The KonMari method and minimalism are all the rage (is that still a saying?) ever since the Netflix show debuted. I read the book about 6 months ago, and loved it. I listened to it on audiobook while joyfully filling bag after bag to donate or send to the dump.
But more recently, seeing and hearing all about this new Netflix show had me thinking back on those last 6 months. I’ve been able to stay true to my value of minimalism, whereas in the past I had wavered and struggled.
Clutter has always drove me nuts, and I actually enjoy deep cleaning and organizing. I love being able to find what I need quickly and knowing where everything is.
My problem is maintaining my motivation. Typically in the spring and summer I will purge and enjoy the white bright white empty space, while in the fall and winter I tend to nest and hibernate. I spend too many hours indoors thinking about things we “could really use” to make our home cozier. Candles, sheepskin throw pillows, and chunky knit blankets. I felt like we needed them. I’d spend hours upon hours shopping, only to realize a few months later how unnecessary it all was.
When I quit my job to stay home with my daughter, this was all even more challenging. I was spending even more time inside the house. I was constantly considering what else I could purchase that would get us one step closer to that Pinterest-perfect home.
Speaking of Pinterest, I was checking the app way too often, and paying far too much attention to all those “Must Have Toy List,” “Shop the Room,” and “Capsule Wardrobe” pins. Instagram wasn’t any better.
But over the last 6 months, something was different. I made it through a fall and winter season without buying anything unnecessary. No clothes, no home decor, no indoor toys.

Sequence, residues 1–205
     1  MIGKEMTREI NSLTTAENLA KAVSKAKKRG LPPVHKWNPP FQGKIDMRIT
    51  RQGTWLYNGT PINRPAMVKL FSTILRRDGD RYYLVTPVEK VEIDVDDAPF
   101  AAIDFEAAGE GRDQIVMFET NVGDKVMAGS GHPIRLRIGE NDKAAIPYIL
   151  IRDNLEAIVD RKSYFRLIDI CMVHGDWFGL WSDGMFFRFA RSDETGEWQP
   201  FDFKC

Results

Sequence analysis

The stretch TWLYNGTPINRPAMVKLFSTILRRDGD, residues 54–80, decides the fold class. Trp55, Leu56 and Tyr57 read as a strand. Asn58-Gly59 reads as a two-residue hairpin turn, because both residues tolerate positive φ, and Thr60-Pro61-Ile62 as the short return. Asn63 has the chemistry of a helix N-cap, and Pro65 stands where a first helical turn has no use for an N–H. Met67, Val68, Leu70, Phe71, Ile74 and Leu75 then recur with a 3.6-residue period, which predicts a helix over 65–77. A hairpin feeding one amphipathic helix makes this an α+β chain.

The only things I purchased were a few items of winter clothing we needed and some outdoor toys- a sled and toddler skis. They “spark joy” and we use them daily.
It didn’t take too much time to figure out how I’ve been able to stay minimalist for this long. We simply get outside more.
There are so many reasons for getting outside, but basically- the more we get out, the happier we are. We now spend 3 to 4 hours a day outside (in the winter) and likely will spend more once it warms up a bit.
Saving money and staying true to minimalism have been a happy side effect. When I’m outside, I’m not looking at my phone. I’m forced to experience real life and play with my daughter. To listen to the birds and breathe the fresh air and live life in the moment. The last thing on my mind is the throw pillow that would look nice on the sofa.
I haven’t cleaned up toys in weeks and I haven’t bought new toys in months. I’ve actually given away or sold even more of them. With less time indoors, the toys we do have stay interesting. And fewer toys means it is easy for even the 2 year olds to clean up on their own.
I’m no longer wracking my brain for ideas for keeping my toddler busy. I don’t have to make all sorts of sensory trays, or create obstacle courses, or buy all the problem solving and gross motor toys. Because (as a certified early childhood educator) I’m confident my daughter gets near everything she needs, developmentally, in nature.
I think also, being outdoors makes me feel centered and content. Which keeps me from feeling like I need to try and buy happiness.
There are so. many. reasons. to get outside more. Staring at my house less and staring at my phone less are just two of them. Being in nature, daily, has effected my life in so many profound ways. <3
In what unexpected ways has being outside more changed your life for the better?